The National Gallery
The National Galley in London houses one of the most important collections of Western European art in the world, attracting over 6 million visitors a year. The Gallery has committed to reducing carbon emissions by 43% by 2015 and prioritises the responsible use of energy in running its site. One of the projects within the carbon management plan involved replacing all of the galleries with LED lighting. This not only reduced energy consumption but also gave the benefit of not producing UV light, which harms the paintings.
Open Technology designed and executed a project to combine the new highly efficient LED technology with an intelligent, digital control system. This resulted in combined energy savings of 85%, while maintaining a precise and consistent lighting environment.
The Gallery wanted to make good use of the daylight provided through the building’s skylight glazing. These are controlled via external louvres and indirect sensors connected to the Building Management System (BMS), which is operated by Norland Managed Services. LiGO is able to slowly augment the natural light by adjusting the light output from the LEDs. This ensures that the paintings are lit to exacting scientific standards while using as little energy as possible.
The project is one of the first in the world to use LEDs in conjunction with a system that automatically adjusts external roof light blinds according to the amount and angle of sunlight.
“The challenges for a lighting control system in any building is to deliver just about the right amount of light; in a gallery environment that’s of paramount importance because of the need to protect the artwork. We were able to automate and control the Gallery’s lighting to ensure the greatest possible use of natural daylight,” explains Chris Bedford, Managing Director, Open Technology.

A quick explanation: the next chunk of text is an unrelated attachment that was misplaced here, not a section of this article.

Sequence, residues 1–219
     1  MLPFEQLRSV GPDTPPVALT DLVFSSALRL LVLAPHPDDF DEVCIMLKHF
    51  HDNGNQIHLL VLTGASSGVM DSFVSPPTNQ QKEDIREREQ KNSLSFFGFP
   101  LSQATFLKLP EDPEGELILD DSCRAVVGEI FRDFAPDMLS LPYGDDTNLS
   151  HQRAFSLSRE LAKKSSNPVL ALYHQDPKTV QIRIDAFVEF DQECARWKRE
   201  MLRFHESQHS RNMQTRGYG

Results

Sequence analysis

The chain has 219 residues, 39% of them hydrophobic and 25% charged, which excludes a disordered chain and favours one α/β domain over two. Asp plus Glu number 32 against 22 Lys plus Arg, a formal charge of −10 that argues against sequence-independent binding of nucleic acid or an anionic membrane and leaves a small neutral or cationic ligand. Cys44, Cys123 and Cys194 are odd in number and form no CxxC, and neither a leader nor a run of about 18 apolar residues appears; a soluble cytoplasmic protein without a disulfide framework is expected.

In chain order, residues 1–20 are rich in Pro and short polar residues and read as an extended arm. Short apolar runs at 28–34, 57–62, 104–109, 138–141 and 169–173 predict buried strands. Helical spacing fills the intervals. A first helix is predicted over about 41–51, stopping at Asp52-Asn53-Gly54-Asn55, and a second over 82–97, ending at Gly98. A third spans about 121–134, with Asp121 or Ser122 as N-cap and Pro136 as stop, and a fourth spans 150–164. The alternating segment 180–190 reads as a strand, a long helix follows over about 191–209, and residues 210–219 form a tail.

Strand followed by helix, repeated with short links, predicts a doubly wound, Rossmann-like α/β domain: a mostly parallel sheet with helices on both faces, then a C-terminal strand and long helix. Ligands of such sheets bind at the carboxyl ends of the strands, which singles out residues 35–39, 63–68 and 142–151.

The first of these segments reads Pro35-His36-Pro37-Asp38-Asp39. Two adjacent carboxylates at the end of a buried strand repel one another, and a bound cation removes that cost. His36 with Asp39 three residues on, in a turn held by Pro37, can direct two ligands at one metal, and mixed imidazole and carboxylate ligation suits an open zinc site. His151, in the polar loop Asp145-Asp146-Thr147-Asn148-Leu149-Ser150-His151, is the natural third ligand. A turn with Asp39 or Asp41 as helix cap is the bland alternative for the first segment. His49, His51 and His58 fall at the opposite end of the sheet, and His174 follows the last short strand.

The LiGO control system was integrated with the Gallery’s existing BMS in order to save costs and extend the life of the Gallery’s existing infrastructure. Groups of lights were set up under the scrutiny of the curators working alongside Open Technology’s engineer. These were then integrated into the BMS so that lamp and ballast failure could be reported to the Gallery’s facilities management provider.
In between the galleries, a LiGO View Panel allows staff to easily adjust the lighting environment in each room. This is particularly important in the event of rehangs when the light levels needs to be adjusted accordingly. Out of hours, LiGO ensures that the lighting is able to react to the Gallery’s security requirements. LiGO initiates a default setting with the lights at a minimum level but is able to detect the presence of security staff and increase the lighting accordingly.
The project met The National Gallery’s key objectives of reducing energy consumption and maintenance costs, whilst achieving a superior quality of light. Open Technology delivered impressive energy and cost savings with minimal disruption to operations, and was able to move the gallery considerably closer to achieving its ambitious carbon reduction plans.
Overall the project is estimated to achieve annual energy savings of 765,000 kWh, which is the equivalent of 417 tonnes of CO2 emissions. This has meant financial savings for the Gallery of around £53,600 on energy bills and a further £36,000 of maintenance savings.
Lighting output and settings can be matched to your building’s exact occupancy times, adapt to changes in daylight saving time and even accommodate public holidays.
External light not only allows you to create a more natural, enjoyable environment, it’s also free. Automatic switching or dimming ensures light levels respond to maximise and complement the available daylight.
LiGO can also control heating and cooling systems according to time or occupancy. This control can be applied to ring main circuits in the building where, for example, large numbers of PCs are left switched on overnight.
Energy Consumption (kWh)
Energy Bills (£)
CO2 Emissions (tonnes)
“The LiGO control system has enabled us to integrate a digital dimming system for our lighting that is able to actually talk to our BMS system. With our previous system we could only switch on and off, whereas LiGO has enabled us to progressively dim and bring up the light in conjunction with daylight levels.”
Steve Van Dyke, Head of Building and Facilities, The National Gallery, London